Installing local software

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You are welcome to install software locally in your home directory. This allows you to use specific versions of software instead of the cluster wide versions. For example you may need an older version of a specific package or a newly released version that isn't yet installed on DeepSense.

For assistance installing or compiling software contact Technical Support. We will support locally installed software to the best of our ability, although we can not guarantee that all software will run on the DeepSense platform. In the event that desired software will not run, we can help you determine alternatives such as different software or using a different system for some of your computation.

If you attempt to install compiled software (e.g. an anaconda package) but the package cannot be found then also contact Technical Support. The package may not have been compiled for the DeepSense hardware architecture (ppc64le).

If your project has specific software you want to share between members then we can create a shared directory for your group in /software/<project>

If you have locally compiled software that you think may be useful for other DeepSense users then let us know at Technical Support. We may install and support it systemwide if there is sufficient interest.

Installing Anaconda Python in your home directory

Stop using systemwide anaconda

If you added the system anaconda environment to your .bashrc file then remove the line:

. /opt/anaconda2/etc/profile.d/

Installing Anaconda with a python2 base

From your home directory run:


Note: please enter "yes" when asked if you want to add anaconda to your .bashrc file. If you do not then you will need to add the following command to your .bashrc file or run it each time before using anaconda:

. ~/anaconda2/etc/profile.d/

After the installer ends you need to either close and restart your terminal or run:

source ~/.bashrc

Adding a python3 environment

The previous instruction creates a python2 base environment. To add a python3 environment:

conda create -n py36 python=3.6

Activate this environment to use python3:

conda activate py36

note: if you receive an error message then you may need to deactivate the base conda environment first:

conda deactivate
conda activate py36

Adding a python2 environment

We recommend creating a separate python2 environment from the base environment. This makes it easier to install the specific packages required for IBM PowerAI.

conda create -n py27 python=2.7

Activate this environment to use python2:

conda activate py27

Install PowerAI dependencies

Warning: these scripts will install, update, and downgrade some packages to the recommended packages for the current version of PowerAI. You may want to create a separate python environment to use different versions of those packages with other software.

To use Tensorflow first install the Tensorflow dependencies:


To use PyTorch first install the PyTorch dependencies:


The dependencies must be installed in whichever python environment you intend to use. We've encountered some problems installing the PyTorch dependencies directly in the base environment if the base conda environment has been updated to conda version 4.6.2. If you want to use PyTorch, be sure to use a conda environment with a lower version of conda.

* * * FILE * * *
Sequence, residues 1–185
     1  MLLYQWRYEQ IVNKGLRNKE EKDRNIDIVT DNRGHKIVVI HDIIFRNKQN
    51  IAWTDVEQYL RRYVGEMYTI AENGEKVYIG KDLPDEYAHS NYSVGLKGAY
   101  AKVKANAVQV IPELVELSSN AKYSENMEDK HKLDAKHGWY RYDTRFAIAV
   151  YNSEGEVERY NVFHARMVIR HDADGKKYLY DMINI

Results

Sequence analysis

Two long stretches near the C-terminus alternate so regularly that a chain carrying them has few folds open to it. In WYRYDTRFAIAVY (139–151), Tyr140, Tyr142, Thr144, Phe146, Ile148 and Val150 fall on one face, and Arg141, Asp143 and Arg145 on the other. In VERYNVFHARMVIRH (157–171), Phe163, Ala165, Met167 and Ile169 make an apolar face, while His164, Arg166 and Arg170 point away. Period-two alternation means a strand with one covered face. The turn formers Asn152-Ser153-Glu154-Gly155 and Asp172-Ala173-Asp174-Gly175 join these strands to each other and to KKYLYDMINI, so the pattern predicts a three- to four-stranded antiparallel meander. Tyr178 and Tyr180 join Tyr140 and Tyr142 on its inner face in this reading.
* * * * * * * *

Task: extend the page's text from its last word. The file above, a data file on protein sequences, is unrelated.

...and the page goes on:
Install other dependencies

If you need additional python libraries then you can install them in your python environment.

The base package comes with several python libraries but you may want a newer version or additional libraries. Also, when you create a new environment it does not automatically get all of the same libraries as the base environment.

For example, suppose you want to install the scikit-learn package in your python3 environment.

First you need to activate the environment:

conda activate py36

Then you install the package

conda install scikit-learn

Testing Deep Learning packages on the login nodes or non-GPU nodes

You may wish to run PowerAI software on the login nodes for testing on the CPU-only nodes for some workflows.

Only the GPU nodes have graphics cards and graphics drivers installed. If you attempt to run the deep learning software like Tensorflow on the login nodes or CPU-only nodes then you will see errors like the following:

ImportError: cannot open shared object file: No such file or directory

You need to load the GPU drivers with the following command:

source /opt/DL/cudnn/bin/cudnn-activate

Then you can activate the deep learning package, e.g. for Tensorflow:

source /opt/DL/tensorflow/bin/tensorflow-activate

Note that some deep learning software may be much slower or refuse to run without GPU access. Tensorflow works but Caffe does not.

Keep in mind you need to activate the GPU drivers and deep learning package in each browser shell before you are able to use the package in your code or LSF jobs.

Compiling Software for DeepSense

DeepSense uses IBM Power8 systems running RedHat Enterprise Linux. Code must be compiled for ppc64le which is PowerPC 64 bit Little Endian.

Some software may not have binaries available for ppc64le even if it does for other systems. If this happens then you (or DeepSense support) will need to compile the software to run on DeepSense. Visit the web page for the software and see if the source code is available (e.g. through github). If so then follow the compilation instructions to run the software.

You may encounter errors when attempting to compile software for ppc64le. Often this occurs because of differences between ppc64le and other common architectures such as x86 and x86_64.

For example, one DeepSense user attempted to compile the rdkit software package from . This compilation failed when it attempted to use the gcc x86 optimization -mpopcnt. After replacing the optimization with the ppc64le equivalent -mpopcntb the software compiled successfully.